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Enjoying a spectacular fall in Portland, Oregon leads me to talk about street trees and leaves.As we all know the value of trees extends well beyond stormwater management.  Urban trees provide numerous benefits including providing wildlife food and habitat,  reduction of the heat island effect (up to 4 degrees C)  and reduction in CO2 emissions and

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Bioretention Part Three: Lessons Being Learned – Siting Issues and Inlet DesignNot done with siting issues yet, maybe this becomes five parts?   One issue on siting and design is the hydraulic grade lines.  Recall from your road drainage days the equations that were used to space catch pits and throat openings?  The equations allowed for you to

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As a volume based stormwater control measure, bioretention systems are providing beneficial use in that they reduce runoff volumes and peak flows. In areas where combined sewers are an issue, bioretention can reduce CSO frequency while increasing evapotranspiration and helping with groundwater recharge via infiltration processes. Common design

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As bioretention becomes more popular, many types of designs are being deployed throughout the U.S.  Though relatively simple in concept, many are finding that the devil is in the details with respect to maintenance and performance.  These issues are driving newer designs and improving criteria for use. Over my next few posts, I will be sharing some

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Most models and approaches toward cost accounting of Stormwater Control Measures (SCMs) use standardized engineering economics. These models use the first cost and annualized O&M costs, brought forward to present value using assumed interest rates, etc.  Models that are more sophisticated will break the first costs down to show engineering design,

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System hydraulics refers to how water flows through a stormwater filtration system. The following three steps should be part of the hydraulics evaluation process.1. Evaluate the hydraulic grade line (HGL) at the design flow rate. Typically, a backwater calculation from the point of downstream control should be performed to ensure the system can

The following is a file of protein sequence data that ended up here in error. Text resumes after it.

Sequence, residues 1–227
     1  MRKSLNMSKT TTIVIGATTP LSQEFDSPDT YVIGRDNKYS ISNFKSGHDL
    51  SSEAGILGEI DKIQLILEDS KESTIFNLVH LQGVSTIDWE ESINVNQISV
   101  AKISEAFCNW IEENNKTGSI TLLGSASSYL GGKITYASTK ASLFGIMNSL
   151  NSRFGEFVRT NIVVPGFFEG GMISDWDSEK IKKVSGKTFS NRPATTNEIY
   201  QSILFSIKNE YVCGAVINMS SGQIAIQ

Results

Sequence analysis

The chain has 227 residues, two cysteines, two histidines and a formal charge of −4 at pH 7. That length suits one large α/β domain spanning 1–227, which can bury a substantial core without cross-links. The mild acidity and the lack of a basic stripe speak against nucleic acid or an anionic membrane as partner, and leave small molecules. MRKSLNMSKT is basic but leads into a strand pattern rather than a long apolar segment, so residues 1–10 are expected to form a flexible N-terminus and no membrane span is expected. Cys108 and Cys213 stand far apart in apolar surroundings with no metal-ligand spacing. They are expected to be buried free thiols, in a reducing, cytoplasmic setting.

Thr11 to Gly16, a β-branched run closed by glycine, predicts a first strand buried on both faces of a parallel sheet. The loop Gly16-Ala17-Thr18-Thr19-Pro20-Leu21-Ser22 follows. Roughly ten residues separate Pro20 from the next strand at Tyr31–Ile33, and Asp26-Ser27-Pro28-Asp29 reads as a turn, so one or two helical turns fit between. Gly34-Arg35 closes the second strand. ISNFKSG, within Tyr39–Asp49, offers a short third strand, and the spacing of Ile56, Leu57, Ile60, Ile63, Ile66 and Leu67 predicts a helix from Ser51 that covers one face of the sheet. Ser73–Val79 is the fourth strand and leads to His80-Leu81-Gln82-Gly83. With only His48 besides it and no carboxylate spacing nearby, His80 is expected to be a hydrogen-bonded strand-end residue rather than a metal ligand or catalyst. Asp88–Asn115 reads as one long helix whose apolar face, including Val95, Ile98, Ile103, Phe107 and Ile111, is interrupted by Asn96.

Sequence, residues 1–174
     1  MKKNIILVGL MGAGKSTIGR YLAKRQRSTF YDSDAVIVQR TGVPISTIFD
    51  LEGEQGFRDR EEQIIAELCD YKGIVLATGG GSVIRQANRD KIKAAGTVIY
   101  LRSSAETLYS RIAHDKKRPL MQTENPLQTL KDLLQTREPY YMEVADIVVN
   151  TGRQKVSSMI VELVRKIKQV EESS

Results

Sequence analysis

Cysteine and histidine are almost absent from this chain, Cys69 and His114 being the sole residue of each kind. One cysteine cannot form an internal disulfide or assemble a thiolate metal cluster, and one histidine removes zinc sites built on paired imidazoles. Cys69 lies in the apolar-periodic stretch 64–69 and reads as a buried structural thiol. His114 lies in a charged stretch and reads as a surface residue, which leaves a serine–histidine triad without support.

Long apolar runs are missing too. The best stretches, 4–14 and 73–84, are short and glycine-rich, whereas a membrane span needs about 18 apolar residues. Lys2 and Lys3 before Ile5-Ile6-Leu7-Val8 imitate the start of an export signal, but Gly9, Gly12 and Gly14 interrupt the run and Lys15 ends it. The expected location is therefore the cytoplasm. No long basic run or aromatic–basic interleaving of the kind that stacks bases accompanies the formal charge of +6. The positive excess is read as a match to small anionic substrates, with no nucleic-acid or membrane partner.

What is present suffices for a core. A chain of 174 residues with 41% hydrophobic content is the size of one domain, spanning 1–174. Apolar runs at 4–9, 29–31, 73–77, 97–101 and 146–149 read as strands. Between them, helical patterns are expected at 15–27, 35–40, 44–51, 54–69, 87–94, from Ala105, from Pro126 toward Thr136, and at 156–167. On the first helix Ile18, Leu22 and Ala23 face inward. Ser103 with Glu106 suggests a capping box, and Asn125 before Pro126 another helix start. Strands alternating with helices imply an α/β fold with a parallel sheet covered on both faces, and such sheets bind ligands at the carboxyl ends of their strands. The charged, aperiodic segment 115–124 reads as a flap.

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During the past decade, a number of different media have been used for stormwater filtration and more recently for bioretention.  Media such as sand, peat, and compost have been used successfully.  Uses of perlite, zeolite, carbon, and other "exotic" media have expanded the choices for targeting specific pollutants.   Media are now being used to

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As the need for effective stormwater treatment and volume control grows, so does the number of available stormwater control measures (SCMs) such as filtration systems, hydrodynamic separators, bio-retention  systems, green roofs and pervious pavement. As part of their due diligence, engineers go through an evaluation process to determine if the

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Having worked in the field of stormwater management for almost 20 years, and seeing the conceptual and technological development of stormwater management and BMPs, it is clear we have had successes and failures.We need to learn from both, especially with USEPA’s national rulemaking activities to establish a program to reduce stormwater discharges

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The removal of site-specific pollutants can be maximized with the variety of filtration media available. Understanding the hydraulics of the media you choose is a key, albeit misunderstood, factor in determining the effectiveness of the filtration system. Here are five things you should consider.1) Evaluate the specific flow rate (q) through the

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